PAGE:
What we don’t like: Specialty Coffees with citric or berry notes. We will continue our laboratories and let you know how that goes…
Below are the people that love iced coffee:
- People who love the flavor—Around 91% of iced coffee fans enjoy a little flavor with their brew.
- People who are not afraid of the elements —About 40% of iced coffee drinks brave the elements and hold a cup with their bare hand in the winter
- People who need an extra pep in their step—Almost 64% said iced coffee is the cool choice when the extra boost is needed.
While iced coffee has been enjoyed for the longest time, specialty coffee is gaining traction and popularity. Specialty coffee is not your ordinary kind of coffee, and with it, you will enjoy more iced coffee bonding moments with your friends, colleagues, and loved ones. For more information regarding specialty coffee, click here to be redirected to our article about it.
Iced Coffee Caffeine Content
Naturally, iced coffee has caffeine, which in excess may pose some side effects. Iced coffee with 100 grams typically has around 40 milligrams of caffeine, while up to 400 milligrams of caffeine is considered to be safe for healthy adults. Drinking iced coffee up to twice a day won’t hurt your caffeine intake but remember that different iced coffee variants may have different caffeine content.
Compared to iced coffee, cold brew has more caffeine. Below is an example:
|Drink and Serving Size||Average caffeine content|
|16 oz. iced coffee||128 mg of caffeine|
|16 oz. cold brew||200 mg of caffeine|
Choosing between iced and cold brew can be hard, especially since they are both enjoyable. If you like bold flavor and you are looking for a kick in the morning, the cold brew is the drink for you. However, if you do not like a strong flavor but wants a cold coffee drink—iced coffee is the best choice!
If you’re ready to explore the wonderful world of coffee, visit our website to find relevant and insightful information and articles that you will surely enjoy.
What is Iced Coffee?
Iced coffee is a type of coffee drink which is served chilled, brewed variously with the fundamental division being cold brew—brewing the coffee cold, yielding a different flavor, and not requiring cooling. Iced coffee can be enjoyed either by being chilled or poured hot over, ice and because sugar does not readily dissolve into cold liquids, it needs to be added either directly to the hot base or to the finished product in the form of syrup.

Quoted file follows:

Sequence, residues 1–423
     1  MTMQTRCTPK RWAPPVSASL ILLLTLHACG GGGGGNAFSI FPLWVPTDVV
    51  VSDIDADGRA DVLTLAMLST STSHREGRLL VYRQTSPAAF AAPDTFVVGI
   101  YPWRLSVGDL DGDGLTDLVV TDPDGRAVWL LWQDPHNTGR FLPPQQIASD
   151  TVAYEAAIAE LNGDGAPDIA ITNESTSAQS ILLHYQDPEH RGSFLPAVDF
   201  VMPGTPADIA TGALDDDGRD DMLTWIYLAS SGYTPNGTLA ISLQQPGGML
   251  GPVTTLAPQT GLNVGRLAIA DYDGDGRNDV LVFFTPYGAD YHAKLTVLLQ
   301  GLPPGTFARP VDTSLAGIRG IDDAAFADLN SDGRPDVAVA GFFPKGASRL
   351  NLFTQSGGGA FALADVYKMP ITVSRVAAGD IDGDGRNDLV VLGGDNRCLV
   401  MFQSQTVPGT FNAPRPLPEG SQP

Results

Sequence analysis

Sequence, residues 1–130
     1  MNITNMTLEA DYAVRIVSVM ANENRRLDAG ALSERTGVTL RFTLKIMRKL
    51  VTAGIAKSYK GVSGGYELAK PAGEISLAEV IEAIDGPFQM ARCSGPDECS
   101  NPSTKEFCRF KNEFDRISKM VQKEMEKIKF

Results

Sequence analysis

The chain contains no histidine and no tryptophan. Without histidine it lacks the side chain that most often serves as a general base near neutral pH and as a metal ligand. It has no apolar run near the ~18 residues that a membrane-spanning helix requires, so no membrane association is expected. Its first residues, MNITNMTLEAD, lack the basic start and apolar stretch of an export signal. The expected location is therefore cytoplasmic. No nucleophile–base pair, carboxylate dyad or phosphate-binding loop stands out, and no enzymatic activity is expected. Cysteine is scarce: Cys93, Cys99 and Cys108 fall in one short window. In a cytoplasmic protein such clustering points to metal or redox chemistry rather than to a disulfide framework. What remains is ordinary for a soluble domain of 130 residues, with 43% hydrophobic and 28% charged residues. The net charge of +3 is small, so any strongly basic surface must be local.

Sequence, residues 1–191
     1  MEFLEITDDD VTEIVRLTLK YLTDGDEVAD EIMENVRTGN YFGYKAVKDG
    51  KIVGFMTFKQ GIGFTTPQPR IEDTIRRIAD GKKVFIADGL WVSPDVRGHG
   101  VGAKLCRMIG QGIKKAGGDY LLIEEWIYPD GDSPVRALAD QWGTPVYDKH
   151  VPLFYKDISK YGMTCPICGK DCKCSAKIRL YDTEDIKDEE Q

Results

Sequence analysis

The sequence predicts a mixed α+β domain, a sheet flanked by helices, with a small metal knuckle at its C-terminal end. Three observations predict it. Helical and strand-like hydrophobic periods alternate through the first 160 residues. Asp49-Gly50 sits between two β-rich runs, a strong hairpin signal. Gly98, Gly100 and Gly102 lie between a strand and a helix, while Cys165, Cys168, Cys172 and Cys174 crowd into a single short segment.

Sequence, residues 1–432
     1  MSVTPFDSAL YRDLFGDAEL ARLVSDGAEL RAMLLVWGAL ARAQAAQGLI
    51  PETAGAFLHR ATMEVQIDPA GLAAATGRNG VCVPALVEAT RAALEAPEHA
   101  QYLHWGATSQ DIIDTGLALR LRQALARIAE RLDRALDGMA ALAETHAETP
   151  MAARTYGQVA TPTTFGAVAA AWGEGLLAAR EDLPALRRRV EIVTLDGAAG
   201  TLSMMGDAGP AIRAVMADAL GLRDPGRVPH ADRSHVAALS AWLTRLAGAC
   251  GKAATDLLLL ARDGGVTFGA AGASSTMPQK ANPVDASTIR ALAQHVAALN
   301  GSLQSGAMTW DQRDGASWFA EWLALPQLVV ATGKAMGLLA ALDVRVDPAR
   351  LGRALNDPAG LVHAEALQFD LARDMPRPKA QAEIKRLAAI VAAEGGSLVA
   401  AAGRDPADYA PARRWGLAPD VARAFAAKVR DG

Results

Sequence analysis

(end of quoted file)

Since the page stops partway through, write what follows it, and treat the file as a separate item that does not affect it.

Below are the reasons why there are a lot of people who loves iced coffee:
- Burnt tongues no more as there is no more waiting for iced coffee to cool
- Experience less acidity with iced coffee as research shows cold brew coffee has around 67% less acid content compared to hot coffee
- Conquer Instagram and Twitter with the luscious look of an iced coffee
- Regularly drinking iced coffee or any coffee, in particular, may have health benefits such as the reduced risk of illnesses like cancer, heart disease, and Alzheimer’s disease.
Studies have shown that drinking coffee helps lower the risk of depression.
The first edition of iced coffee made their appearance in the country of Algeria around the year of 1840 when the battle of Mazagran happened. The war was between the Arab and Berber military over Algeria, and this battle lasted for about 17 years, and because of its length, the French soldiers ran out of milk.
These soldiers started adding water to their coffee as a quick fix, and they also started drinking their coffee cold to fight the blistering heat brought up by summer months. This is where iced coffee was born—this cold, caffeinated drink that we enjoy today greatly these French soldiers. Since then, iced coffee has evolved into different types and variants.
Fun fact: Iced coffee products make up 25% of coffee store menus!
- Wikipedia – Iced Coffee
- Dunkin Donuts – The Cold Hard Facts Around Iced Coffee in the Winter
- Spoon University – 11 Reasons That Prove Iced Coffee Is Better Than Hot Coffee
- Barista 411 – History of Iced Coffee
- PeaBerrys – The Barista Guide to Iced Coffee
- SCA – What is Specialty Coffee?
- HilineCoffee – Cold Brew vs. Iced Coffee – Which Has More Caffeine?
- MayoClinic – Caffeine: How Much Is Too Much?